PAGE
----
Nevertheless, Liquid's main intention is probably not to compete directly against subsea cable on long-distance links. It has made investments in subsea capacity, for one thing. For another, there is skepticism that Liquid's venture will dramatically improve the economics of onward connectivity to Europe. "Egypt has always been a bit of a bottleneck, in terms of the cost of routing traffic through the country, and getting onward capacity from Cairo to Europe," says Guy Zibi, the founder of market research firm Xalam Analytics. "It's not clear how much of that will change."

What is apparent is that Liquid does not own a portion of the network connecting Egypt with Sudan. Instead, it relies on a wholesale deal with Telecom Egypt, the Egyptian incumbent. "The Egypt part is the Telecom Egypt network in its entirety," says Sha. Zibi also draws attention to the array of subsea routing options that are now available. "Liquid does face some pretty stiff competition," he says.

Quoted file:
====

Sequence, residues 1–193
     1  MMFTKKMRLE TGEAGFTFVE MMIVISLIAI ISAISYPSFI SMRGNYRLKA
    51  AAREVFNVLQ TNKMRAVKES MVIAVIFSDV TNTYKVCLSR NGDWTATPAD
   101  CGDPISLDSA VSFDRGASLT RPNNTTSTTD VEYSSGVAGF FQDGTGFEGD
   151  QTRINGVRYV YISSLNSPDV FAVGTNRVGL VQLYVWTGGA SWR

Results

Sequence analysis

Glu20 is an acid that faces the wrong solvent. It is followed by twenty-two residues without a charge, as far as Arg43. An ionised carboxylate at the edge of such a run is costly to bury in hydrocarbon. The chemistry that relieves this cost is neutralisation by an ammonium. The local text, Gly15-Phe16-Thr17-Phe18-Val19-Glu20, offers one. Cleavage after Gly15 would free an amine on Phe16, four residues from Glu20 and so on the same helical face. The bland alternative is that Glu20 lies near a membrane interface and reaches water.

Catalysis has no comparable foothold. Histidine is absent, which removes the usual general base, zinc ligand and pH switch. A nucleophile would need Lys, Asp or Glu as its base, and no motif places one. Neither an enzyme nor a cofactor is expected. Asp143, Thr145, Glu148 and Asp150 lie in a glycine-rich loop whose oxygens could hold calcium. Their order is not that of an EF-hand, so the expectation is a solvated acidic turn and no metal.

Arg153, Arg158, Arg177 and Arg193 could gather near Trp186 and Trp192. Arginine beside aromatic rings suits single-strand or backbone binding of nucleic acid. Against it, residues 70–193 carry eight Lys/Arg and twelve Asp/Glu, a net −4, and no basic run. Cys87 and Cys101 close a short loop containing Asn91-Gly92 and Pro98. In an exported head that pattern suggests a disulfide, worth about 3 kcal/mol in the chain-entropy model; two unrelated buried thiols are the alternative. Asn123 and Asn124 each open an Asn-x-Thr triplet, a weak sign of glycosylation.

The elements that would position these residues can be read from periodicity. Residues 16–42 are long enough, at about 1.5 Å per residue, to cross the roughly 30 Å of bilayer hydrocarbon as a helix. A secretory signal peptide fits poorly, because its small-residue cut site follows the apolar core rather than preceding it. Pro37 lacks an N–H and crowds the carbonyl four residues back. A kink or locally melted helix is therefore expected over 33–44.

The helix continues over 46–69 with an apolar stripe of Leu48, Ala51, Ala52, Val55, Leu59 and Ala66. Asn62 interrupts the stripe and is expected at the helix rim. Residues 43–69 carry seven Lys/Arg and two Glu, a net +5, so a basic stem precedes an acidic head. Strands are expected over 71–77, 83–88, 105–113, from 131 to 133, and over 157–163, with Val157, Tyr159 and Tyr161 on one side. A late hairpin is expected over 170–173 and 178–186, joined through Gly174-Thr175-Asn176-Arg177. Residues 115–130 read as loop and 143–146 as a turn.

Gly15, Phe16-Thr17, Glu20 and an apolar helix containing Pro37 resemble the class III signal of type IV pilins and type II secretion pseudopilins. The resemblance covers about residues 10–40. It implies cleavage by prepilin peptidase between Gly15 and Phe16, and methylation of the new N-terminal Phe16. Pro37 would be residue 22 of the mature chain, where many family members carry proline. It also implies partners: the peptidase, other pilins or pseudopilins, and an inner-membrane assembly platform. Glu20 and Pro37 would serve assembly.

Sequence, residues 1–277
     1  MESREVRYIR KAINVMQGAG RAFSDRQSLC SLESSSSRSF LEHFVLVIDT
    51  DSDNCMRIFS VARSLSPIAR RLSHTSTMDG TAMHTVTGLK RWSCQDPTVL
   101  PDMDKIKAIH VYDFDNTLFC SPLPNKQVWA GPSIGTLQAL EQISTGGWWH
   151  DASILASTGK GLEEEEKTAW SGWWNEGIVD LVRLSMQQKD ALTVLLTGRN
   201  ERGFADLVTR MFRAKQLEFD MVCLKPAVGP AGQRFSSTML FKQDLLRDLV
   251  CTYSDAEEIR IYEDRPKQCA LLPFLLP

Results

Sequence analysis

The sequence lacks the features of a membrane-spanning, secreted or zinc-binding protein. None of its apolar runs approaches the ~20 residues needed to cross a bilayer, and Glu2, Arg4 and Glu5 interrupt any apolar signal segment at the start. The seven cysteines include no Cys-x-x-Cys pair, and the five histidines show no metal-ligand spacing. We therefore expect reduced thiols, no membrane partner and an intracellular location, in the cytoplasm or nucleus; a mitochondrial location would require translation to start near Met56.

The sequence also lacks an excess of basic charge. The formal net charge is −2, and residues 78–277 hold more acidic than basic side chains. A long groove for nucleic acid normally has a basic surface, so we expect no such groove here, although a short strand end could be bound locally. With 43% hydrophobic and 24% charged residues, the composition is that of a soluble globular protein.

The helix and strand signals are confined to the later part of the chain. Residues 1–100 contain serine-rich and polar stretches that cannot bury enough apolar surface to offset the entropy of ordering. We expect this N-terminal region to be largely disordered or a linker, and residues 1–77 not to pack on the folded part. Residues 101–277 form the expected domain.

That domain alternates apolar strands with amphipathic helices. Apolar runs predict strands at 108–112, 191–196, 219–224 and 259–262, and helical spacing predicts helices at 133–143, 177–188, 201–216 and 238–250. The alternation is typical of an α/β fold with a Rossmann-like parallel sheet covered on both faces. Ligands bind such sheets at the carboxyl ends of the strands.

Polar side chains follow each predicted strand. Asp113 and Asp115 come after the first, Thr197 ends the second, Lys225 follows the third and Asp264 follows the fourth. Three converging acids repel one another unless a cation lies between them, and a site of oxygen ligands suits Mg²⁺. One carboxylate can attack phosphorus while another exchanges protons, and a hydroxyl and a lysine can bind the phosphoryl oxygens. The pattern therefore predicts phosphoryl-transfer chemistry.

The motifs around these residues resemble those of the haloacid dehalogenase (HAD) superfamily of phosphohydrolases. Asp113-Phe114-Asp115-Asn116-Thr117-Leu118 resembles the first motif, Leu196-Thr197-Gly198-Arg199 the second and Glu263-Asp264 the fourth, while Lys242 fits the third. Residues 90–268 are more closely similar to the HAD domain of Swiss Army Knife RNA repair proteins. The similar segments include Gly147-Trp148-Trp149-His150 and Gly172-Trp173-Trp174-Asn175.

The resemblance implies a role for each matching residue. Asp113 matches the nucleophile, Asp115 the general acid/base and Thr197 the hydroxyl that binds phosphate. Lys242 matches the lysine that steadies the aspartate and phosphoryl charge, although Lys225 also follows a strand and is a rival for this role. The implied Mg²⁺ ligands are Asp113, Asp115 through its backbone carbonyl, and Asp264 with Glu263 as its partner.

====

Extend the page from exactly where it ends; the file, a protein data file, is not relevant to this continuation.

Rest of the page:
The real upside, he thinks, is likely to be on various short-haul links between Cape Town and Cairo. Liquid's fiber line could provide connections between Kenya and Zimbabwe for business customers, for instance. In total, it passes through as many as 660 towns and cities. "The fact we went through this many means we can deliver access services in those cities and towns and give them Internet pricing they won't have seen, because they are not connected directly to undersea cable networks," says Sha.


Now entering its fifth year, the 2020 Vision Executive Summit is an exclusive meeting of global CSP executives focused on navigating the disruptive forces at work in telecom today. Join us in Lisbon on December 4-6 to meet with fellow experts as we define the future of next-gen communications and how to make it profitable.